Wordler 388 tucked herself into a trembling ball. The air had started to grow chill as soon as she’d entered the canyons. Now, a wind of razor-sharp icicles seemed to tear through her thin jacket to slash the skin from her bones.
The light was dying. Somewhere behind the trees, the sun was going down.
“Must keep moving,” she told her legs, but her quivering limbs held no hope of supporting her weight. “I can still do this. I just need a little more time.”
“Not a scattering of photons,” proclaimed a crow on an overhead branch.
“Not strength and power,” said another.
388 groaned. “The Rhyme Zone. I should have known.”
More crows arrived.
“Not a number.”
“Not a battle.”
“Not a ghost.”
Even more crows arrived, and they chorused and jeered at 388 as the light continued to dim.
“Here it comes,” 388 whispered. “Other Wordlers have gotten to this point, where all seems dark, and a last-minute epiphany has delivered the Word that’s saved our village. It will happen for me, too. If I just need to keep my faith. If I just—”
“Need a hint?”
388 blinked in surprise. “Pardon?”
“We’re not monsters,” said the Rhyme Zone crow.
“We’re not trying to torture you.”
“We’re bending over backward to help without actually breaking any rules.”
“Oh.” 388 waited for the hint that had been promised, then realized she’d already gotten it. “Oh! Not a scattering of photons, not strength and power, not a vision, not a number, not a battle, and not a ghost…”
The crows dropped to the ground, forming an eager circle around her.
“Not LIGHT, not MIGHT, not SIGHT, not EIGHT, not FIGHT, not WIGHT, so the answer must be—”
The last bit of sunlight vanished like a dying candle.
“—NIGHT,” she finished, a tick too late.
“So close!” one of the crows exclaimed.
“Can’t we let her go? Just this once?” asked another.
The first crow shook its feathered head. “The rules compel us.”
“What…are the rules about failing to complete a quest in time?” asked 388.
A bird perched on her knee. “We are compelled to strip the flesh from your bones and consign your soul to the torments of the curse.”
“But we promise not to enjoy it,” another crow piped up. The others glared at him until he sighed and looked away. “We will enjoy it, though. That’s our nature. It’s always a murder when Rhyme Zone crows get together. But maybe this time, we can try to feel bad about it afterward?”
“We could show her the library,” a crow offered tentatively.
“Oh, yes!” the other crows echoed. “The library!”
“The library?” 388 shuddered. She’d never been much of a reader, and couldn’t recall ever opeing a book since graduating from school. “If you’re going to make me write a report on foreshadowing and thematic structures, please just kill me now.”
The Rhyme Zone crows chivvied her deeper into their woods, past a writing desk with neatly piled blue notecards, to a bookshelf that leaned incongruously against a laurel tree. Books on the left side of the shelf had red spines and glowing titles, while books on the right were blank. The dividing line was a larger white book with an opalescent sheen and the title, VOL. 388: NIGHT.
388 reached for one of the red books at random, one titled, VOICEfinder. As soon as she touched it, a new shelf appeared, hovering above the first. This shelf held a label that read, VOL. 384: VOICE, and contained a row of ghostly books that 388 could partially see through. These all had such titles as VOICEdance, VOICEjoy, VOICEless, VOICEvoid, and the like in a row that stretched as far as 388 could see.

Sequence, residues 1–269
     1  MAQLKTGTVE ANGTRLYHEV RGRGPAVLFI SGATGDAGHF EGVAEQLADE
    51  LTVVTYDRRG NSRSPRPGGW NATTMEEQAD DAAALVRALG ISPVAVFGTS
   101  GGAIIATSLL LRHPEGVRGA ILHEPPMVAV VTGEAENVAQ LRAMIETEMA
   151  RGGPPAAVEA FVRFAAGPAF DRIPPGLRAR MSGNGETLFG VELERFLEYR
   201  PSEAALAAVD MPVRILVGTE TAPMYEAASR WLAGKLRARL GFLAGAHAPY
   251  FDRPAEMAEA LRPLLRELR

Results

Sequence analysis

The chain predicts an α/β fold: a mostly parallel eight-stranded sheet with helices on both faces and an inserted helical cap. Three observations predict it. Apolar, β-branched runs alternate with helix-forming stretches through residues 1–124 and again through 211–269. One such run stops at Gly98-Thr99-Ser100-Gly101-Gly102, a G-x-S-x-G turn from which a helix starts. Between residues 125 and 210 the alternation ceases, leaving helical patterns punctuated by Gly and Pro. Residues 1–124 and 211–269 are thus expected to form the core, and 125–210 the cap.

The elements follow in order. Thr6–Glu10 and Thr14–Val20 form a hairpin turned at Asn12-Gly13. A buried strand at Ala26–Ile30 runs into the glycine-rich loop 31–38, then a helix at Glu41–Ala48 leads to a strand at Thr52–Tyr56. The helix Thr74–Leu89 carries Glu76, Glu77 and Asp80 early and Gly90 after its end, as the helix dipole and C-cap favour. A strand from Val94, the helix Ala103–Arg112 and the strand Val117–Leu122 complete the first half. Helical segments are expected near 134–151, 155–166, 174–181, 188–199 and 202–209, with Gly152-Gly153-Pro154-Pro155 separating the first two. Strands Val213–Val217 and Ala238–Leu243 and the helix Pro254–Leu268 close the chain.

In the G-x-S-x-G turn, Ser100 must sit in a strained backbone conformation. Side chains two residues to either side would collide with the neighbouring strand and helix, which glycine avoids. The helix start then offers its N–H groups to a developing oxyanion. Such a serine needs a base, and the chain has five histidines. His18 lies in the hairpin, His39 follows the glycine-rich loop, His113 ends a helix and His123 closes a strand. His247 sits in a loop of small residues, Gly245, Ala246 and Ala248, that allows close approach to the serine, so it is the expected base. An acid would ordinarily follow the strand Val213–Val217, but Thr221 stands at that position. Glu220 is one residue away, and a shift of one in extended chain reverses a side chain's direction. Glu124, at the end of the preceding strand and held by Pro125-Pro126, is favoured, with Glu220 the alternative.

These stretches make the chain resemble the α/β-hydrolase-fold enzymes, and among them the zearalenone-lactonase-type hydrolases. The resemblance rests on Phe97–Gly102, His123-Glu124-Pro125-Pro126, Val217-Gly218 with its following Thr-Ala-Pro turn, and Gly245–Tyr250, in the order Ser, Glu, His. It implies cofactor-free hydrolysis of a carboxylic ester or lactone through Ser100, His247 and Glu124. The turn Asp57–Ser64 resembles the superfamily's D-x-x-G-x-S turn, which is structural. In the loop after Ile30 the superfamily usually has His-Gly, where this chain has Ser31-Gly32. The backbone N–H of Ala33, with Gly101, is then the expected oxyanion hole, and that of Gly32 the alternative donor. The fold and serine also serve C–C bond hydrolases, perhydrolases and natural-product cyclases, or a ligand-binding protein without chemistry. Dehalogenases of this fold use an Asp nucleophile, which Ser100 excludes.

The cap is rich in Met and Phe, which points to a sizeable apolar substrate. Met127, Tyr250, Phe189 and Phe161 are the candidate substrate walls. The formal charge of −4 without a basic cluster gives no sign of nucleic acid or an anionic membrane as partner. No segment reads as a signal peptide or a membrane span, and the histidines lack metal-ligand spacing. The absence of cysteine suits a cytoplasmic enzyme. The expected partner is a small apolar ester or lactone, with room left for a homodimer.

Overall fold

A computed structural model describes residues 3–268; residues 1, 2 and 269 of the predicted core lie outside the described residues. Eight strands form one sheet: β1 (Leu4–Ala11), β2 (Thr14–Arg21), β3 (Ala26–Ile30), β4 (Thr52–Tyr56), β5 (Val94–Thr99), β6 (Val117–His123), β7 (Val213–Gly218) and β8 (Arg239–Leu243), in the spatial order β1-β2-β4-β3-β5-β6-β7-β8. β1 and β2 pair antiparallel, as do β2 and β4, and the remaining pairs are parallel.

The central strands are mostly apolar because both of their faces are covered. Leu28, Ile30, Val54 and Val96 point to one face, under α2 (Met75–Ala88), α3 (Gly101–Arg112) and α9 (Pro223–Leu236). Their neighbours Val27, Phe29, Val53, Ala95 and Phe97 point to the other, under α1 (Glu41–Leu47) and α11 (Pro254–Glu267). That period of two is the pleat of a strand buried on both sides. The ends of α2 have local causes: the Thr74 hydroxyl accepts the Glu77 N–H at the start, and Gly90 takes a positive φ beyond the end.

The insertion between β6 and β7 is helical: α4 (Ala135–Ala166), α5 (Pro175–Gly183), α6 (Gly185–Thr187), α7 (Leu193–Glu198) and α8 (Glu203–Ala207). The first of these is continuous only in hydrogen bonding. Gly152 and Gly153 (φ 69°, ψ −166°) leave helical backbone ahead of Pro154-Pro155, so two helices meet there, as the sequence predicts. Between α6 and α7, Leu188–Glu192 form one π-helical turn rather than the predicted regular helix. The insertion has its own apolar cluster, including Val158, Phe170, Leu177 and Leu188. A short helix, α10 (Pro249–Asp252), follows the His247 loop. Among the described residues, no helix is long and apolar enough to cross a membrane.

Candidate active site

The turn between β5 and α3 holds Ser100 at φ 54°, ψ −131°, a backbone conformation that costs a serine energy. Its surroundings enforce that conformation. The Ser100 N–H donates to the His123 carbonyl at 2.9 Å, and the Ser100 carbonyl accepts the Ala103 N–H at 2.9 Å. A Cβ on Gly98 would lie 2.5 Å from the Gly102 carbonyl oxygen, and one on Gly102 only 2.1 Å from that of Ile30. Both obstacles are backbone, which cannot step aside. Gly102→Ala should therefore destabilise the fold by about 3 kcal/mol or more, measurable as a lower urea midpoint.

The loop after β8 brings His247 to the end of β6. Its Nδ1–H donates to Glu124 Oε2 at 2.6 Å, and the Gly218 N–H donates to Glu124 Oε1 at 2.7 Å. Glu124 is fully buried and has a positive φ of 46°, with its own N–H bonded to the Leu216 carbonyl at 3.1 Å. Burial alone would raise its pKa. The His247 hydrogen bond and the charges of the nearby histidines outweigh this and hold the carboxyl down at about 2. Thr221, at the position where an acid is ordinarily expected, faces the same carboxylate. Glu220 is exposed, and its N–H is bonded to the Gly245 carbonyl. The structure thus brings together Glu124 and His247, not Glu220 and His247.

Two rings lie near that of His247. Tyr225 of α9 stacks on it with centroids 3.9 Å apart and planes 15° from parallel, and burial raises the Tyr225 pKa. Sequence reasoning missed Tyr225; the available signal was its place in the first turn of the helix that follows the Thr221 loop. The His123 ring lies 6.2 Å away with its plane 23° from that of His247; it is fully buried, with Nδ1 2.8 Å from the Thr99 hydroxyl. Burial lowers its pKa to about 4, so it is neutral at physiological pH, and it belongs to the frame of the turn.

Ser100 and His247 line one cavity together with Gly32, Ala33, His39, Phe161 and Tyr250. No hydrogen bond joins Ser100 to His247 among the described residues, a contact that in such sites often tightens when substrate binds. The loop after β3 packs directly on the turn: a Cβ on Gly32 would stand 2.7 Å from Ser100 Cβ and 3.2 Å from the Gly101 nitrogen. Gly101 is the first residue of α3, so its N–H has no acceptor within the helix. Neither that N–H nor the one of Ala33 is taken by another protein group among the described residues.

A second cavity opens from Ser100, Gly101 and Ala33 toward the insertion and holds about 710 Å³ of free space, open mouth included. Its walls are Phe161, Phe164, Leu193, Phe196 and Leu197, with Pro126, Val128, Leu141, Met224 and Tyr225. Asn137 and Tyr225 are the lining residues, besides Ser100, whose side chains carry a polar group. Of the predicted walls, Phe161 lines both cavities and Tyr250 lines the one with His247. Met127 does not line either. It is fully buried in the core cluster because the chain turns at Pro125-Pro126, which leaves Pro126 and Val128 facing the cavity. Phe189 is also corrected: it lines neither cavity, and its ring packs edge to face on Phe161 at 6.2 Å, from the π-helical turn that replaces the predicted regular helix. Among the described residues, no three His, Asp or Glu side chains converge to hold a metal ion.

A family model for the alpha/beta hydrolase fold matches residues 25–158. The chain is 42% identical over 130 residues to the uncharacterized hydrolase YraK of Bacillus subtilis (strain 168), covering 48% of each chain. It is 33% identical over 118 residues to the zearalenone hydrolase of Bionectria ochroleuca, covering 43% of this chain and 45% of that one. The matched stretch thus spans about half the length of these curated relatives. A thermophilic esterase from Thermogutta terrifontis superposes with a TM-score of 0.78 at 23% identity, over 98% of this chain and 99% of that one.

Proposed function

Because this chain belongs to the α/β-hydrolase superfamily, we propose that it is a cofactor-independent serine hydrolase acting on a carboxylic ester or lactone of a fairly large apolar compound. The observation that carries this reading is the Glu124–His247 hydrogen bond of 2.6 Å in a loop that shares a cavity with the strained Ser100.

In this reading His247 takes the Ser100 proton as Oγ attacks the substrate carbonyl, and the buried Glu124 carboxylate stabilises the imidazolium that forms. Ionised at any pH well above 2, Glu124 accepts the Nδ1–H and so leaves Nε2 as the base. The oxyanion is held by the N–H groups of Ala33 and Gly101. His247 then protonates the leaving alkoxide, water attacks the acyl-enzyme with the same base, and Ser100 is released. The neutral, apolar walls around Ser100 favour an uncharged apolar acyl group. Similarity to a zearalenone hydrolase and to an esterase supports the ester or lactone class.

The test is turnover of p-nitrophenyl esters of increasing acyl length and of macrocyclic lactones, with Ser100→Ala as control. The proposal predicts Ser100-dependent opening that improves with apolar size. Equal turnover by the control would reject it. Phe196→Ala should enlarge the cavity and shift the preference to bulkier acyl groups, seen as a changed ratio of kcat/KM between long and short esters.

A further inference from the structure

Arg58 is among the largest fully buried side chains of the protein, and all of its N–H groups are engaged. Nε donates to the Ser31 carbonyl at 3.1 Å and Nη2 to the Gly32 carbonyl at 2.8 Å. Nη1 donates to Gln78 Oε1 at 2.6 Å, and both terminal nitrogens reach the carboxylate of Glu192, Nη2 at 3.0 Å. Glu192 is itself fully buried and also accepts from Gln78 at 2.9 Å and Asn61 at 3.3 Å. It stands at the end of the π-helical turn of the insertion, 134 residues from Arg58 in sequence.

She went to reach for one of the ghostly books, but as soon as she took her finger from the spine of VOICEfinder, the entire floating shelf of VOICE books disappeared. “What is this place?” she asked.
“Branch Library,” said a crow. “From here, reality branches off in all directions.”
“These books represent every possible version of reality? And you can read them all?”
“Not all,” said a crow.
“Not even with an infinite number of eternal lifetimes,” said another.
“Which you don’t have,” a third crow reminded her, “on account of all the flesh-stripping and soul-consigning that’s about to happen.”
“Then why bring me here?” 388 demanded.
This time, she knew not to expect a direct answer. These crows had a habit of leading a person in circles until they found the answer for themselves, or failed to, in her own case. She put a finger on the volume with her own number and the Word she’d failed to find: VOL. 388: NIGHT.
A new shelf appeared. A prominent red book titled NIGHTvision was flanked by an endless collection of others: NIGHTfires, NIGHTmare, NIGHTsteel, NIGHTzest, and so many, many, many more.
“Realities where I succeeded. Realities where I failed. An infinite number of each, and this just happens to be the one that’s being read by some theoretical reader.”
“Now you’re getting it,” said a crow on her shoulder.
“But—since we’re in one of the books, does that mean I was destined to fail? Or did I have a choice as to which pre-determined reality would take place? And who wrote all these books in the first place?”
“No time for philosophy!” one of the crows called.
“No time for theology!” called another.
“Time for the murder!” called a third.
The opalescent book turned red. The title settled on NIGHTfall. Under a blanket of stars, the crows of the Rhyme Zone held a feast.
The Wordlers project includes the Wordle Quest storyline, perhaps the world’s largest collection of literary NFTs. In advance of the follow-up NIGHTfall storyline, this NIGHTvision story expands the Wordlers project onto additional blockchains, formats, and storytelling dimensions.
Wordlerplex stories extend, remix, and reinterpret stories in the mainline Wordlers serial. The Wordlers project is not endorsed by or associated with the New York Times or its affiliates.